Just Americas: A Blog by LAWG

For Migrants, #immigrationcrisis Starts Long Before U.S. Border

The media is saturated with news of the current #immigrationcrisis or #bordercrisis, but where does that crisis really start?

A month ago, President Obama declared the influx Central Americans seeking refuge at the U.S. border to be an “urgent humanitarian situation.”  However, for the tens of thousands of migrants fleeing spiraling gang and domestic violence and poverty in their home countries, the crisis begins far before they arrive in the U.S.—starting in their home communities and multiplying on their journey through Mexico.

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Human Rights in Transit: Migrant Defenders Speak on Work in Mexico


Unprecedented numbers of young migrants arriving at the U.S. southern border have caught the attention of U.S. media and authorities. In just the last nine months, 52,000 unaccompanied minors, as well as 39,000 women with children, mostly from El Salvador, Guatemala, Honduras, and Mexico, have been apprehended at the border, and that number is predicted to keep growing. This “crisis” has sparked an important conversation about what is going on in their home countries that would spur so many people to risk the dangerous journey north.

The Latin America Working Group was honored to host a delegation of two migrant rights defenders from Mexico to call attention to the plight of migrants in their home countries as well as along the migrant route through Mexico. Particularly in the Northern Triangle countries (El Salvador, Guatemala, and Honduras), high levels of gang and domestic violence, poverty, and lack of economic opportunity are driving more youth and women with young children to migrate. In their journey through Mexico these migrants are often only met with more abuse, violence, and corruption.

Sister Leticia Gutiérrez is the Director for the Scalibrinian Mission for Migrants and Refugees (Scalabrinianas: Misión para Migrantes y Refugiados, SMR) in Mexico, which works extensively with migrants who have been the victims of abuse in Mexico. Juan José Villagomez works at the migrant shelter in Saltillo, Mexico (Casa del Migrante de Saltillo). During their visit to Washington, DC, they met with policymakers and NGOs to share testimonies of the abuse and extortion faced by migrants in Mexico, and their experience with the recent surge of children and women.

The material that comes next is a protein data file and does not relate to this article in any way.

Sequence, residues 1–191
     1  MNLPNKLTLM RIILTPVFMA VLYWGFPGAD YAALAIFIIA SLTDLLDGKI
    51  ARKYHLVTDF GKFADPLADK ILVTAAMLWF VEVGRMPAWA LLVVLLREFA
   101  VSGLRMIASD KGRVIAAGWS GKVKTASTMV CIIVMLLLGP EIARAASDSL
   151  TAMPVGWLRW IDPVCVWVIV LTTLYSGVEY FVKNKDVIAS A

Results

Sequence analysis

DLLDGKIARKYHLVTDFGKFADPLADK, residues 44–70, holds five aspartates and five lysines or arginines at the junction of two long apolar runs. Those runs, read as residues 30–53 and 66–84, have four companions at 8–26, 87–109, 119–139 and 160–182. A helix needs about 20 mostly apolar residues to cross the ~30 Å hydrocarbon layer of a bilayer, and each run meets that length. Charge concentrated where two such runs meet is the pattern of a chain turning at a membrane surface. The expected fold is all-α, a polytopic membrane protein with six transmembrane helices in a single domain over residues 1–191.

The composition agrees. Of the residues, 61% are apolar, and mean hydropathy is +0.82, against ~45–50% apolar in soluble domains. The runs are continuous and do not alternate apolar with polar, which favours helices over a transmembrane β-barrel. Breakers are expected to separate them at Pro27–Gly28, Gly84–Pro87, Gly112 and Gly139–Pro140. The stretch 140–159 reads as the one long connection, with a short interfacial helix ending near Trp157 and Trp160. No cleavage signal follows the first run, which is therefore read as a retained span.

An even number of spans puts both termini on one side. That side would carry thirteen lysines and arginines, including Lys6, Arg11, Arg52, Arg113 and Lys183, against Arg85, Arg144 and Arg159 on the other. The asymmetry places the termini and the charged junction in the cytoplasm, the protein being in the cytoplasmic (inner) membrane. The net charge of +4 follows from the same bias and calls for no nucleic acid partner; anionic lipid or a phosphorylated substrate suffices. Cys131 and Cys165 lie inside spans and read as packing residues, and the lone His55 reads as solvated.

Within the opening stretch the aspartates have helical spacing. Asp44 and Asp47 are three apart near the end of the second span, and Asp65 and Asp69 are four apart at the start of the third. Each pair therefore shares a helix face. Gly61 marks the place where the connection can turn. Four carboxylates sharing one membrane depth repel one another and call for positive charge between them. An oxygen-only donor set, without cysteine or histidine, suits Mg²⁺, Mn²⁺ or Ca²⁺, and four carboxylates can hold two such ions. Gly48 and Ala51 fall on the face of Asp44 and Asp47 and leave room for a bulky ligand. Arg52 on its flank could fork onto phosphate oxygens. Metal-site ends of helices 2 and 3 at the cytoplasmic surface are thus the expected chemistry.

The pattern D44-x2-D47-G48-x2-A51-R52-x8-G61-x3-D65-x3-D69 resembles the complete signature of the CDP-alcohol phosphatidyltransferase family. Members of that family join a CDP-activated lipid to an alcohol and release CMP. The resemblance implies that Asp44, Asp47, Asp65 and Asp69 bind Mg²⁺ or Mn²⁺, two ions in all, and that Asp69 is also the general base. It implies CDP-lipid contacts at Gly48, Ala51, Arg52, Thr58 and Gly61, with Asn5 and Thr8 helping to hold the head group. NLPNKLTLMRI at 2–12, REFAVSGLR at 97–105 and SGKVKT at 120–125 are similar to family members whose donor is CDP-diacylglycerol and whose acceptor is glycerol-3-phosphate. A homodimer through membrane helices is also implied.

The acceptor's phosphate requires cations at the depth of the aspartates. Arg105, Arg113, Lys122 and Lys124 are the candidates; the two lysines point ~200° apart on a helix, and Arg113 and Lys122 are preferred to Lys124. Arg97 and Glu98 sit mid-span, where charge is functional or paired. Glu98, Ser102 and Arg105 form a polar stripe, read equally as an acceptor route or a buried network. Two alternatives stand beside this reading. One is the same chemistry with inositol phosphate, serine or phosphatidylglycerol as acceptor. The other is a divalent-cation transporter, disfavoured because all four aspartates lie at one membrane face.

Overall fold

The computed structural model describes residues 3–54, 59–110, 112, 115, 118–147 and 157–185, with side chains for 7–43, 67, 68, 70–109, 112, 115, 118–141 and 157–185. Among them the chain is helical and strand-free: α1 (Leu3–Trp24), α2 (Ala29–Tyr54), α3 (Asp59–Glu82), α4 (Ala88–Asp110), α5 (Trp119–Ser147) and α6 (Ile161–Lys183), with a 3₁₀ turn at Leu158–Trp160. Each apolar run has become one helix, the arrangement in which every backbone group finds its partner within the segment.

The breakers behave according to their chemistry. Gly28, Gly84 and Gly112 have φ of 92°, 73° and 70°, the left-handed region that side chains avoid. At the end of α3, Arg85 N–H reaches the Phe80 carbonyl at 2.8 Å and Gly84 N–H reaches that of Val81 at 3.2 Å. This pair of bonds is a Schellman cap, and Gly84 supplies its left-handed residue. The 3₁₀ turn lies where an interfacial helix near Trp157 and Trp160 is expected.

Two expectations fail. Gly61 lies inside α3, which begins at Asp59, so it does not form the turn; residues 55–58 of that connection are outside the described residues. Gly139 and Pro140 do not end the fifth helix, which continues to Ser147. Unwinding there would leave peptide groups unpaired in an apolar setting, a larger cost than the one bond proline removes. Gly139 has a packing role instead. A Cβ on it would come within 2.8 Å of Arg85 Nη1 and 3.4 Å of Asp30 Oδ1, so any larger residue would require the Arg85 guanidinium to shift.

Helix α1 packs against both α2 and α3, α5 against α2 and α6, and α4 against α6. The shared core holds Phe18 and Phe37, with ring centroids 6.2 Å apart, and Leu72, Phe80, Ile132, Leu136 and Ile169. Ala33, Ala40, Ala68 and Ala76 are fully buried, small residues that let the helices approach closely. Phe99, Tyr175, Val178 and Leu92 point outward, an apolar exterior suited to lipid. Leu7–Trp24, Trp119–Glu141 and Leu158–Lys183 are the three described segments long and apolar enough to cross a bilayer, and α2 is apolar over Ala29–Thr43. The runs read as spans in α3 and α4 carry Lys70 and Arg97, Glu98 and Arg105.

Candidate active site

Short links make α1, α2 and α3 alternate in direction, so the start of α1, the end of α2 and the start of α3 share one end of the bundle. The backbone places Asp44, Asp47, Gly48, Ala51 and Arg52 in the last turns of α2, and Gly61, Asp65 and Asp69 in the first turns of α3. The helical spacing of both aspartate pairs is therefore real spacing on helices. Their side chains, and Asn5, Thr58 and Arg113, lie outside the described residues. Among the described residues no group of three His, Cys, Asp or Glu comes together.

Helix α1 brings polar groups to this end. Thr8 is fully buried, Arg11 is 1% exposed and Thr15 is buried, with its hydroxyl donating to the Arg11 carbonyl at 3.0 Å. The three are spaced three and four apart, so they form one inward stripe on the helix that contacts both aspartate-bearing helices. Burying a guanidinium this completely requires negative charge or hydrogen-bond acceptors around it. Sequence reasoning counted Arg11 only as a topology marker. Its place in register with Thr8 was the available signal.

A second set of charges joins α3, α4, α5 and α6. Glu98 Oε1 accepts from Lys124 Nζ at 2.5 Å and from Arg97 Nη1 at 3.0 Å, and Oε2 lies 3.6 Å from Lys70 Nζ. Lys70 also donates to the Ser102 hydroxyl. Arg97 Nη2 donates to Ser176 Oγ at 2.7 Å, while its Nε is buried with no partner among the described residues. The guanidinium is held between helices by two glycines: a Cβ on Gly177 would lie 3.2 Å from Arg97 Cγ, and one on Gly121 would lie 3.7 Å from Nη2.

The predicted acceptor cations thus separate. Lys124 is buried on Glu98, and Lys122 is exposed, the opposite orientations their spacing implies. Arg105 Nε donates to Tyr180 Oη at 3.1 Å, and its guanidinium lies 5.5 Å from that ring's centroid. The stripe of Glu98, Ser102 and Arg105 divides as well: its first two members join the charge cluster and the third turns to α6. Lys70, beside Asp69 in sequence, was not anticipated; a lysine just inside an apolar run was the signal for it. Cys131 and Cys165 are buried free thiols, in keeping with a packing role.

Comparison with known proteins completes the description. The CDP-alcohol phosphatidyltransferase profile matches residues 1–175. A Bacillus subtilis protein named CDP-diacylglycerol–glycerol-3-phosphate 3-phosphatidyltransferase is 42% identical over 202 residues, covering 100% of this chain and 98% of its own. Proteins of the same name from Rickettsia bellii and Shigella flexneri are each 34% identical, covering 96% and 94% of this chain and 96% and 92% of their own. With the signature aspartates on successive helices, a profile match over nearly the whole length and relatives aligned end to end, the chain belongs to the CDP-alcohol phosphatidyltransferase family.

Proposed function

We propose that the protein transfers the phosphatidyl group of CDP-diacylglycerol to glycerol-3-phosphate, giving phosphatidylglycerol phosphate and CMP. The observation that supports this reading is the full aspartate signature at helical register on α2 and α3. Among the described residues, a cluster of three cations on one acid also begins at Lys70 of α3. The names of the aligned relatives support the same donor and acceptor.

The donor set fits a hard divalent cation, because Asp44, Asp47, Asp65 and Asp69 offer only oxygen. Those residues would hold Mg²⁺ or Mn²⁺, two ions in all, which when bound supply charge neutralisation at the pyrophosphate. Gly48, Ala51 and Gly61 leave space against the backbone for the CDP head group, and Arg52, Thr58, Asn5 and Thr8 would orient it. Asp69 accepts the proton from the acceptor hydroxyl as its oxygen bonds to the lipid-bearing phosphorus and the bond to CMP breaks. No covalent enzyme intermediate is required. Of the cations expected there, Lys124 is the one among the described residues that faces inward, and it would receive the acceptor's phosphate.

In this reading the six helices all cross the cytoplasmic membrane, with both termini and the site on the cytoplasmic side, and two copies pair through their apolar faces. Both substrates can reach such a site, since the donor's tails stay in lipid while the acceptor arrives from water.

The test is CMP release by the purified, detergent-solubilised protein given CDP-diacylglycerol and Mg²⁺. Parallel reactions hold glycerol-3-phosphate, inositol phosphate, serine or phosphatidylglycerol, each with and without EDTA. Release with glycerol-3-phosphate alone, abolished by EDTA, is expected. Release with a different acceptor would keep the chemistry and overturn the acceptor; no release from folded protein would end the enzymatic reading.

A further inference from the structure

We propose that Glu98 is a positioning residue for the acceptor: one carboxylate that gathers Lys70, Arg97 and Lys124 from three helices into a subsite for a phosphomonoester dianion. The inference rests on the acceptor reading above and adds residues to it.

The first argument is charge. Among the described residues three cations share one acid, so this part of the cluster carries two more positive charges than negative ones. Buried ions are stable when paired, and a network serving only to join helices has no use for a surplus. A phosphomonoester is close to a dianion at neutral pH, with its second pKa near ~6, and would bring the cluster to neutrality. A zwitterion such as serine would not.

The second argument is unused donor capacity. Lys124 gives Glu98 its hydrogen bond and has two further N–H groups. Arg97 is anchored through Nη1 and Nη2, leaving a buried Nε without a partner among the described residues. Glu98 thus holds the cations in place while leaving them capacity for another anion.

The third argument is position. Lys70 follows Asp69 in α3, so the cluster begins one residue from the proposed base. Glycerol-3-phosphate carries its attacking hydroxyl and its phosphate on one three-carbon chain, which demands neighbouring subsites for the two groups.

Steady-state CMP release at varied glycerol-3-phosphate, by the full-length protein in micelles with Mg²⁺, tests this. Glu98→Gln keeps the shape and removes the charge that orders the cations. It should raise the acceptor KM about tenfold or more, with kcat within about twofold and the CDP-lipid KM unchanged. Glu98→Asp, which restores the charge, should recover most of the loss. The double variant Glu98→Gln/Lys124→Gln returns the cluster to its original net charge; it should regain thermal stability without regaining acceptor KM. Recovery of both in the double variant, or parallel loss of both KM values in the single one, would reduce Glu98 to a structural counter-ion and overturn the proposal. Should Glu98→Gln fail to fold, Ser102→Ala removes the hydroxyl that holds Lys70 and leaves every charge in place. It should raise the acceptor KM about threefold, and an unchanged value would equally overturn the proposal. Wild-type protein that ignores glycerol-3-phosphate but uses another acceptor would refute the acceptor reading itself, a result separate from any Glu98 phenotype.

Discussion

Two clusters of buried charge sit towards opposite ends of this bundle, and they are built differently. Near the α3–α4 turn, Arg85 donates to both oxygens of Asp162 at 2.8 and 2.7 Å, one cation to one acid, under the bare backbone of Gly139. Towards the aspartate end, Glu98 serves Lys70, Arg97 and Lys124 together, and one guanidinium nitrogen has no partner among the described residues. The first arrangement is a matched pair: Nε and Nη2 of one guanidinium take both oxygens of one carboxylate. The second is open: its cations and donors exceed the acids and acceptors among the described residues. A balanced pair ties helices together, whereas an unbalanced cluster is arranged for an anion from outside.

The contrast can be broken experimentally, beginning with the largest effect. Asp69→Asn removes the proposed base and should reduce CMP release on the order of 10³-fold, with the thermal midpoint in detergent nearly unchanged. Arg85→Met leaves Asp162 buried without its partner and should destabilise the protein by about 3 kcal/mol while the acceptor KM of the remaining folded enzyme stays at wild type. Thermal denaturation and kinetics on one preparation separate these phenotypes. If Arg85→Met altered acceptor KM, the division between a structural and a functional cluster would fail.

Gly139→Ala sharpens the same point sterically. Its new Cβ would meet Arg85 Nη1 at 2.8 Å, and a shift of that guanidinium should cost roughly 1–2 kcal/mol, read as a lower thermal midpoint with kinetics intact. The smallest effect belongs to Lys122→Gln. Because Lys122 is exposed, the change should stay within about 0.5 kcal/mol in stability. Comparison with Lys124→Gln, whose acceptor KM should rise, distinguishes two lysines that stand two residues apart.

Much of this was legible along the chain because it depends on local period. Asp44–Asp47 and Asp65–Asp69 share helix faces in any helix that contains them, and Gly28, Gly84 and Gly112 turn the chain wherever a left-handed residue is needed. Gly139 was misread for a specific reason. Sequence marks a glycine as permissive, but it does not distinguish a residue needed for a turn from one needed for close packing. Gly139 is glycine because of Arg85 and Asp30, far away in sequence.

In the following interviews, Sister Leticia and Juan Jose describe some of the reasons people are migrating from Central America, and the perils they face in Mexico.

Interview with Sister Leticia Gutiérrez:
(turn on CC for English captions)



Spanish and English transcripts are available here.

Interview with Juan José Villagomez:
(turn on CC for English captions)



Spanish and English transcripts are available here.

 
 

Women’s Voices and the Colombian Peace Process: We Must Sweep away the Culture of War


Three Colombian women
— Olga Amparo Sánchez (Casa de la Mujer), Magda Alberto (Mujeres por la Paz), and Danny Ramírez (Conferencia Nacional de Organizaciones Afro-colombianas)—recently talked about the inclusion of women in the peace talks in Havana. At an event sponsored by the United States Institute of Peace (USIP), the Latin America Working Group Education Fund, and the Colombia Human Rights Committee, the panelists also discussed the contributions women can make to help with the country’s healing process.

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Cuban Americans for Engagement Make Third Trip to Washington


Cuban Americans for Engagement (CAFE) came to Washington, D.C. this week to advocate for a re-establishment of relations between the United States and Cuba. CAFE was represented in Washington, D.C. by members from all over the country, including North Carolina, Texas, Washington, Colorado, Illinois, and Florida. The group attended meetings with various congressional offices, governmental agencies, and the Cuban Interests Section. Members of CAFE expressed new perspectives on U.S-Cuba relations and addressed the need to see improvement in the dialogue between the two nations.

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Poll Shows the Changing Dynamics of Cuban-American Miami


The recently-released 2014 Florida International University (FIU) Cuba Poll shows major changes in the attitudes of the Cuban-American population in Miami-Dade County, Florida on issues surrounding U.S. policy toward Cuba. Researchers at FIU have been polling this community for over 20 years, beginning in 1991. This year, the findings prove that the loudest voices in the Cuban-American community do not necessarily reflect the views of the entire community and that a majority of the community would be open to a change in U.S. policy.

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